# Lack of rigour in usual derivation of Work-Energy Theorem

The derivation of the Work-Energy theorem usually goes as follows:

You define the work done on a particle under net force $\vec{F}$ as $$W=\int\limits_C \vec{F}\cdot\mathrm{d}\vec{r}$$ And then you use Newton's second law \begin{align} W=\int\limits_C \vec{F}\cdot\mathrm{d}\vec{r}&=\int\limits_C m\vec{a}\cdot\mathrm{d}\vec{r}\\ &=\int\limits_C m\frac{\textrm{d}\vec{v}}{\textrm{d}t}\cdot\mathrm{d}\vec{r}=\int\limits_{t_i}^{t_f} m\frac{\textrm{d}\vec{v}}{\textrm{d}t}\cdot\frac{\mathrm{d}\vec{r}}{\textrm{d}t}\textrm{d}t=\int\limits_{t_i}^{t_f} m\frac{\textrm{d}\vec{r}}{\textrm{d}t}\cdot\frac{\mathrm{d}\vec{v}}{\textrm{d}t}\textrm{d}t \\ &=\int\limits_C m\frac{\textrm{d}\vec{r}}{\textrm{d}t}\cdot\mathrm{d}\vec{v}=\int\limits_C m\vec{v}\cdot\mathrm{d}\vec{v} \end{align} Up until here, I'm convinced. Non the less, the argument $$\textrm{d}(v^2)=\textrm{d}(\vec{v}\cdot\vec{v})=\vec{v}\cdot\textrm{d}\vec{v}+\vec{v}\cdot\textrm{d}\vec{v}=2\vec{v}\cdot\textrm{d}\vec{v}$$is often used. Then the integral resolves to $$W=\int\limits_{v_i}^{v_f}\frac{1}{2}m\textrm{d}(v^2)=\frac{1}{2}mv_f^2-\frac{1}{2}mv_i^2$$My problem with that argument is that it is assumed that the exterior derivative works under the dot product just as it does under the normal product of real-valued functions. Can somebody explain to me (either geometrically or formally) why $\textrm{d}(v^2)=\textrm{d}(\vec{v}\cdot\vec{v})=\vec{v}\cdot\textrm{d}\vec{v}+\vec{v}\cdot\textrm{d}\vec{v}=2\vec{v}\cdot\textrm{d}\vec{v}$ is true?

One need not follow these steps. Indeed let $\gamma : I\subset \mathbb{R}\to \mathbb{R}^3$ be the trajectory of a particle. It's position at time $t$ is $\gamma(t)$, it's velocity is $\gamma'(t)$ and it's acceleration is $\gamma''(t)$. It's easy to see that

$$(\gamma'\cdot \gamma')'(t) = 2\gamma'(t)\cdot \gamma''(t),$$

so the work done by the resultant force because of Newton's Second Law can be written as

$$W = \int_\gamma \mathbf{F} = \int_I \mathbf{F}(\gamma(t))\cdot \gamma'(t)dt = \int_I m\gamma''(t)\cdot \gamma'(t)dt,$$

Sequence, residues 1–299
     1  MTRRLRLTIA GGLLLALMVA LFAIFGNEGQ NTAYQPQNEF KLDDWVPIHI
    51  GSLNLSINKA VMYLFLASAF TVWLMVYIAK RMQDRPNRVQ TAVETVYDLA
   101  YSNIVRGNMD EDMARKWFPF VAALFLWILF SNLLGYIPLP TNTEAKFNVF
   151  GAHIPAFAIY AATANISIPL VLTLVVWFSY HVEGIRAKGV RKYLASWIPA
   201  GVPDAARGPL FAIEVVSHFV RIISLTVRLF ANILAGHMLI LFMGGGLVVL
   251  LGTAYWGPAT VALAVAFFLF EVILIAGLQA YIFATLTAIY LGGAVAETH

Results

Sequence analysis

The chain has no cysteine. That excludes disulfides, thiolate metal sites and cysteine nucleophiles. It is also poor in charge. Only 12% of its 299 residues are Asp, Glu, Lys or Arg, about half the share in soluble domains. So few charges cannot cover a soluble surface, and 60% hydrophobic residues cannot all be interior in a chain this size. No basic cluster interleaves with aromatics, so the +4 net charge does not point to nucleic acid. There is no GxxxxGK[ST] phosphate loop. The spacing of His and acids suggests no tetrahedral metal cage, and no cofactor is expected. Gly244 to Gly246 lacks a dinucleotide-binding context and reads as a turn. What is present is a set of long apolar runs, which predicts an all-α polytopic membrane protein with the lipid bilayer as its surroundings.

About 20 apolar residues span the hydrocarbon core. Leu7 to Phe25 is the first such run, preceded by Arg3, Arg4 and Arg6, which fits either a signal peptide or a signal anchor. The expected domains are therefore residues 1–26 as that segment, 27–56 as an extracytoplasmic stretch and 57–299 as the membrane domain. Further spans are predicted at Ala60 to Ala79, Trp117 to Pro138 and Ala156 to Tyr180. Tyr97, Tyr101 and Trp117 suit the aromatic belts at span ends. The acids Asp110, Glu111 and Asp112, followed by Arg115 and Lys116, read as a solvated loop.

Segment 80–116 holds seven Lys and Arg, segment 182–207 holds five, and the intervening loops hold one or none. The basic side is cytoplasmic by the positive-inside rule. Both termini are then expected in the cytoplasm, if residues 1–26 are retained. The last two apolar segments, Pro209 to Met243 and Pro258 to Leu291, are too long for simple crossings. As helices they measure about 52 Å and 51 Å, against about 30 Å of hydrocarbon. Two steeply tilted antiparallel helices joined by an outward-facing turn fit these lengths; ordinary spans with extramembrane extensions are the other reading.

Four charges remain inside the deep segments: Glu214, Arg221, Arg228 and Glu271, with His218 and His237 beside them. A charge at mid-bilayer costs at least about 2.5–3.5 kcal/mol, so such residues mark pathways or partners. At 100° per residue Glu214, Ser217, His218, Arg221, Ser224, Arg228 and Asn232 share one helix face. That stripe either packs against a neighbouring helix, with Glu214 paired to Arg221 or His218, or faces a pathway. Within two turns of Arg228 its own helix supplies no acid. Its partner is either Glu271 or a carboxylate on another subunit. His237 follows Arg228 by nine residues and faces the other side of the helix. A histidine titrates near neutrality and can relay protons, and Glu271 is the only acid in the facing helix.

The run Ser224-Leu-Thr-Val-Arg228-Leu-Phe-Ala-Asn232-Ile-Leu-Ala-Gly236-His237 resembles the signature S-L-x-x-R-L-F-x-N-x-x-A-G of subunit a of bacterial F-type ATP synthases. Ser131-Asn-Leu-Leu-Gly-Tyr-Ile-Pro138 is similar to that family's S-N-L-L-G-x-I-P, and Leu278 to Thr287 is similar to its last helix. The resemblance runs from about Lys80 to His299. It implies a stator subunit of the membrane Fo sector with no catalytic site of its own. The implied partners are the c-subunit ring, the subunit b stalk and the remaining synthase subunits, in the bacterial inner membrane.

but as pointed out $\gamma''(t)\cdot\gamma'(t) = (\gamma'\cdot\gamma')'(t)/2$ so that

$$W = \dfrac{m}{2}\int_I(\gamma'\cdot\gamma')'(t)dt,$$

and by virtue of the fundamental theorem of calculus, if $I = [a,b]$ we have

$$W = \dfrac{m}{2}(|\gamma'(b)|^2-|\gamma'(a)|^2),$$

or setting $K(\mathbf{v}) = \dfrac{m}{2}|\mathbf{v}|^2$

$$W = K(\gamma'(b)) - K(\gamma'(a)) = \Delta K.$$

• Why is $\gamma''(t)\cdot\gamma'(t)=(\gamma'\cdot\gamma')'(t)dt$? Apr 20 '15 at 0:37
• @IvánMauricioBurbano Try to find the derivative of $(\gamma \cdot ' \gamma ')$ (hint: use the chain rule) Apr 20 '15 at 0:58
• Work should be a line integral along the path, but I don't see a $\vec F \cdot d\vec r$ or something similar. Aug 2 '15 at 19:55

Formally, we have the standard dot product identity $$\frac{\mathrm{d}}{\mathrm{d}t}\mathbf{A}\cdot\mathbf{B}=\frac{\mathrm{d}\mathbf{A}}{\mathrm{d}t}\cdot \mathbf{B}+\mathbf{A}\cdot \frac{\mathrm{d}\mathbf{B}}{\mathrm{d}t}.$$ Inserting $\mathbf{A}=\mathbf{B}=\mathbf{v}$ gives $$\frac{\mathrm{d}\mathbf{v}^2}{\mathrm{d}t}=2\mathbf{v}\cdot \frac{\mathrm{d}\mathbf{v}}{\mathrm{d}t}.$$ It then follows that $$\mathrm{d}\mathbf{v}^2\stackrel{\int}=2\mathbf{v}\cdot\mathrm{d}\mathbf{v}$$ by the chain rule.

• And how does one come to the dot product identity?? Apr 20 '15 at 0:30
• @IvánMauricioBurbano 1) Simply take the derivative of $\mathbf{A}\cdot\mathbf{B}:=\sum_{i,j}\delta_{ij}A^i B^j$ or 2) Special case of the Ricci identity $Xg(Y,Z)=g(\nabla_XY,Z)+g(Y,\nabla_XZ)$. Apr 20 '15 at 0:32
• If you could give me a geometric answer to my previous comment that would be great! Apr 20 '15 at 0:33
• @IvánMauricioBurbano I think the "geometric" answer is the Ricci identity. I'm not sure if you mean differential geometry or simply curve geometry. Apr 20 '15 at 0:37